As is the case for most professional dancers, “The Nutcracker” was the first ballet Courtney Lyon laid her eyes on.

According to her mother, Lyon looked up at the stage in awe and later announced her dream to be up there dancing. Back then, she wanted to be one of the rats. They were “the most dramatic.”

“You can look up there and get an idea of what ballet is,” she said. “You can say, ‘I want to do that one day.’”

Lyon has danced in “The Nutcracker” plenty of times since as a member of Ballet Quad-Cities. In her role of artistic director, she has also choreographed the holiday-themed show each season since 2009.

“The Nutcracker” is by far the company’s longest-running tradition.

Ballet Quad-Cities has performed “The Nutcracker” every year since the company started in 1996. It is also, by far, the company’s biggest production and was coined in promotions as the “most iconic ballet of all time” ahead of the group’s performances in Cedar Rapids last weekend.

It includes a cast of over 40 dancers — 11 of which are company dancers and the rest are students ages 7 to 18 — and hundreds of costumes and props. Plus, the dancers perform with live music by Orchestra Iowa.

This weekend, Ballet Quad-Cities will present “The Nutcracker” three times at the Adler Theatre, and if tradition continues, they will together draw the company’s largest audience of the season.

Because of that, Lyon doesn’t often make big changes to her choreography.

Four years ago, she overhauled the entire production except for one section: the iconic “Waltz of the Flowers,” a seven-minute scene near the end of the second act of the 1892 score composed by Tchaikovsky.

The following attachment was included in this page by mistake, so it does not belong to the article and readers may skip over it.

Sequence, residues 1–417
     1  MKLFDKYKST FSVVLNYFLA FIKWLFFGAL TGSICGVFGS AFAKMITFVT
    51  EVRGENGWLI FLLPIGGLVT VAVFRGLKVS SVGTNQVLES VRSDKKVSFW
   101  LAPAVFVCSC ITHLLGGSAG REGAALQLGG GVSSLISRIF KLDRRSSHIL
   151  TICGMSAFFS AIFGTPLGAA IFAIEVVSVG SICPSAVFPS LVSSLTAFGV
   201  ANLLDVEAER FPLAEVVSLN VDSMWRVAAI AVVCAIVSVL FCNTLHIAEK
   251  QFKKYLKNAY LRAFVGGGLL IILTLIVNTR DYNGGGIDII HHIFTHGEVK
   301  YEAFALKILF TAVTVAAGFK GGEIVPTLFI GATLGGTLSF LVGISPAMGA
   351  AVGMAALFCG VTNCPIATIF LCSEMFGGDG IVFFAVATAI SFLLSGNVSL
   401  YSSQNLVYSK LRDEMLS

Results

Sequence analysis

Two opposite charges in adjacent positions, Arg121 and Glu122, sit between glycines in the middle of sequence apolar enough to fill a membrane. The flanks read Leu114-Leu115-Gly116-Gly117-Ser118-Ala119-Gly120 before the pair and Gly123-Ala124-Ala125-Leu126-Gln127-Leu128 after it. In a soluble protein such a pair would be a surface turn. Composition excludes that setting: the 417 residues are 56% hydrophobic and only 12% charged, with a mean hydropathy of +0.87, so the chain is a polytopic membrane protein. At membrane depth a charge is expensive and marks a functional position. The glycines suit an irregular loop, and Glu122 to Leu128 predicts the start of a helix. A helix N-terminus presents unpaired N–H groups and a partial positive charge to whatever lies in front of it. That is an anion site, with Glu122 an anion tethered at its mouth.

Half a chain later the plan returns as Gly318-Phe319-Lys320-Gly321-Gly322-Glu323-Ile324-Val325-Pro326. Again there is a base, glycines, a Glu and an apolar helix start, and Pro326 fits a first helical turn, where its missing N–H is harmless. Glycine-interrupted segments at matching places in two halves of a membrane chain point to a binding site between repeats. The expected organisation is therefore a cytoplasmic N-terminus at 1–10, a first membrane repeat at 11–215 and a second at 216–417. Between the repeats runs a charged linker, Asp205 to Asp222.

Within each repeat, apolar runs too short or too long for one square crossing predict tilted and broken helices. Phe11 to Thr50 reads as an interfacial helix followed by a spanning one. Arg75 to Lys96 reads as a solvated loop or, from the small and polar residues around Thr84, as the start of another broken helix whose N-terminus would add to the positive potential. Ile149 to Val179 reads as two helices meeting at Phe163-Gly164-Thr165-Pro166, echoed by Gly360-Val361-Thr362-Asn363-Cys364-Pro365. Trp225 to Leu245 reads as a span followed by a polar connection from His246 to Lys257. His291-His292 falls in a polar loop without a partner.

This year, however, the ballet’s longest and most “intense” scene got a major update.

“It was like, OK, time for a new one,” Lyon said. “Just because you want to challenge yourself and want to make it better.”

In the “Waltz,” Lyon cast a lead dancer — Marie Buser — as a butterfly and a core of other female dancers as a flower garden moving around her.

“It’s an idea I’ve had for a long time,” she said. “This year, I said, ‘I’m ready to do it.”

It’s important to change parts of the choreography, Lyon said, in part because she has changed and grown in her role. Nearly 10 years into choreographing this piece, “I’m better at the actual craft. It’s not just about having the instincts. It’s knowing what to do with those instincts.”

It’s also important to Ballet Quad-Cities founder Joedy Cook that “every single year, our ‘Nutcracker’ is fresh and unique.”

“Courtney’s choreography brings an element of unpredictability,” Cook said. “Everybody knows that music. It’s a very repetitious waltz. It could get mundane. But this one does not.”

She added that even if choreography or costuming didn’t alter, the company’s five new professional dancers provide their own “different look to the stage.”

“It’s always new,” Cook said. “With live performance, you’ll never see the same one twice.”

And Lyon expects the changes won't just fly by some audience members who have seen each “Nutcracker” performed here.

“Sometimes they’ll say to me, ‘You changed this or changed that,’” she said. “They have a connection to it. They’ll know if I change one little thing and they’ll tell me.”

The artistic director has a similar connection. Lyon knows every step of “The Nutcracker” by memory. She acts and dances through the scenes with each member of the cast during a three-month stretch of rehearsals.

This weekend, she’ll stand in the very back of the Alder Theatre's lower level, calling instructions to the orchestra, the dancers and the crew. She’ll ask herself a dozen times, “Are we telling the story in the most effective way?”

Later, she’ll rewatch the performance video on her laptop, searching for mistakes or ways to improve in the same manner a football coach watches game tape.

“It’s a lot of steps, a lot of dancers and you know a huge audience is going to see it,” Lyon said. “You could potentially put a lot of pressure on yourself to create this magical, perfect holiday experience.”

For her, it’s not about perfection. The pressure comes from creating a “Nutcracker” that was better than the last.